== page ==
Simon has made a remix of Nicky’s Evolution of Trust, an iterated prisoner’s dilemma: https://editor.p5js.org/simontiger/present/oOurTdGWT

Simon’s code: https://editor.p5js.org/simontiger/sketches/oOurTdGWT

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Dissecting Polygons

Every polygon can be triangulated into exactly n-2 triangles. So you’ve got the triangulation theorem and the totally opposite theorem in the math universe, Girard’s theorem (the formula for the era of a spherical triangle). I’m going to attempt to put these two together to prove Euler’s polyhedral formula (also known as Euler’s characteristic) V – E + F = 2.

A week later Simon and a friend of his from Germany worked together for several hours, writing a program to cut polygons. It’s still unfinished but is already fun to play with: https://editor.p5js.org/simontiger/sketches/YxNUp5rdJ

Coding, Group, JavaScript, Milestones, Notes on everyday life, Server Side Programming, Simon's Own Code, Uncategorized

Simon made a discord bot

Last Tuesday, May 19, was somewhat a historic day as Simon created his first Discord bot (actually, two bots: one that does polls and count-downs and another programmable one that sends messages). In order to make the bots work, Simon first made a new server called a “bot playground”.

A screenshot of our desktop terminal where Simon ran the code using Node. “I ask the bot to put Beep boop. Boop beep? when it’s ready, just so I know when it’s ready.”
Simon wrote the actual bot code in JS, giving each bot an .env file “where I store all my secret stuff” and “a package.json file to keep track of all the dependencies like libraries”.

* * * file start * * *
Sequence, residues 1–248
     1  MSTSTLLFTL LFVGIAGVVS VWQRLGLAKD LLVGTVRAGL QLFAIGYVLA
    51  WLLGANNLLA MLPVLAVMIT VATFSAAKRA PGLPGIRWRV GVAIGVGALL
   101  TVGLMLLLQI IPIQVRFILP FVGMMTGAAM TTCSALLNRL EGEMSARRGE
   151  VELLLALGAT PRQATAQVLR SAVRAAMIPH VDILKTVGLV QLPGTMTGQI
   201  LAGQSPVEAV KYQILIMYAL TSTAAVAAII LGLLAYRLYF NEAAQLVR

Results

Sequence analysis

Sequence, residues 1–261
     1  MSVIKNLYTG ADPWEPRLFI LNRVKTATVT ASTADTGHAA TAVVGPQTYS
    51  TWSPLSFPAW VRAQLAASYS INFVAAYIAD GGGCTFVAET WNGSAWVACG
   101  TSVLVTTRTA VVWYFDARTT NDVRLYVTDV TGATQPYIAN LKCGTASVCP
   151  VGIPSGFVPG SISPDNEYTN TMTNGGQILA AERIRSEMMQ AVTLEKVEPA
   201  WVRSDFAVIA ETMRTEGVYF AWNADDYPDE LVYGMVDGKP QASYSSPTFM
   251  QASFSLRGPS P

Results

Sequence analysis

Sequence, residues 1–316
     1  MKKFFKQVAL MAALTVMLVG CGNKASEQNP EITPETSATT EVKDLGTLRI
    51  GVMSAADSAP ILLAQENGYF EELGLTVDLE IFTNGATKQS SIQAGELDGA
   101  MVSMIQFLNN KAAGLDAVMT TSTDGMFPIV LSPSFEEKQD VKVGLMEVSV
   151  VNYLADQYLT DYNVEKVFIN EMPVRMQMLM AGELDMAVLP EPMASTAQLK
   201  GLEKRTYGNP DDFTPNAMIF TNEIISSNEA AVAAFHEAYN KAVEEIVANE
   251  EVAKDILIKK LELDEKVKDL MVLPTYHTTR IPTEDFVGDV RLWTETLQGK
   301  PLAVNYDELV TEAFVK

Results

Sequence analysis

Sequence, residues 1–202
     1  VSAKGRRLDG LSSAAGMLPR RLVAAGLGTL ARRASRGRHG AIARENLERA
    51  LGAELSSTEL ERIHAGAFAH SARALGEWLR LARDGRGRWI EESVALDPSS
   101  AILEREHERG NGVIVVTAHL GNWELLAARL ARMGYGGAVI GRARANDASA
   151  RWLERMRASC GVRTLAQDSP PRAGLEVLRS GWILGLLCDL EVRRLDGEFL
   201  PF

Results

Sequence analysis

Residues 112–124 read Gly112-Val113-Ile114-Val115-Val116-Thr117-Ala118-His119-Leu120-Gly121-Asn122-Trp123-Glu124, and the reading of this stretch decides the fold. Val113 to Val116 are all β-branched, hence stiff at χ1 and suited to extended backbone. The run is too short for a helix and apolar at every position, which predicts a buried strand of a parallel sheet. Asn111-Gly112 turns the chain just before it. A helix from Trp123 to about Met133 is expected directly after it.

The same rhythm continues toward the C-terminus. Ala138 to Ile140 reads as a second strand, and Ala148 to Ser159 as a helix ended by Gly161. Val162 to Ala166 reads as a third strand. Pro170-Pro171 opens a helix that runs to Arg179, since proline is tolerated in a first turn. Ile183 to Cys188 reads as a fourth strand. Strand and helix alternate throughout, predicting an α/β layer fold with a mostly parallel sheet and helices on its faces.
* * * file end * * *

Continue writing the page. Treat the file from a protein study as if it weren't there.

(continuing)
Simon’s bot doing the countdown and then saying Happy New Year! followed by Just kidding.

Simon and a friend also practiced in hacking each other:

And finally, he found himself in the centre of a great prank: everyone in his group of friends who wasn’t called Simon changed their names to something containing Simon and all the Simons in the group became Gregs:

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Spring Challenge 2020 PacMan in p5.js

Simon has recreated the CodingGame.com’s Spring Challenge 2020 PacMan game in p5.js to be able to work on the AI versions after the spring challenge has finished.

Link to Simon’s PacMan Game version featured in the video (playable for two players on the same keyboard): https://editor.p5js.org/simontiger/present/k9PDqMeew

Simon’s code for this version: https://editor.p5js.org/simontiger/sketches/k9PDqMeew

The PacMan is built on top of a Maze Generator, here’s an example of one of Simon’s maze generators and solvers: https://editor.p5js.org/simontiger/sketches/vj75cHYkf

Simon had been taking part in the Spring Challenge 2020 for several days and reached bronze level.

However he quickly realized that the 11 days of the competition felt too cramped for him to try various algorithms and still be able to work on his other projects. So what he did was recreate the whole PacMan game from scratch in p5.js, so that he has an “archived version” of the challenge and can play with new AI versions later.

Geometry Joys, Milestones, Murderous Maths, Notes on everyday life, Simon's sketch book

Formula for e

Simon’s project in online at https://www.geogebra.org/classic/j29phpus
the second part of Simon’s project: https://www.geogebra.org/classic/wym3kvxf

I’ve worked out a formula for e!


This came up when I was looking for an antiderivative, if n isn’t equal to 1:

if n is equal to 1, then it’s suddenly a natural log!

But I’ve realized that if I change it only a tiny bit, it becomes a really famous existing formula for e:

Still impressive that you have worked it out all on your own, Simon!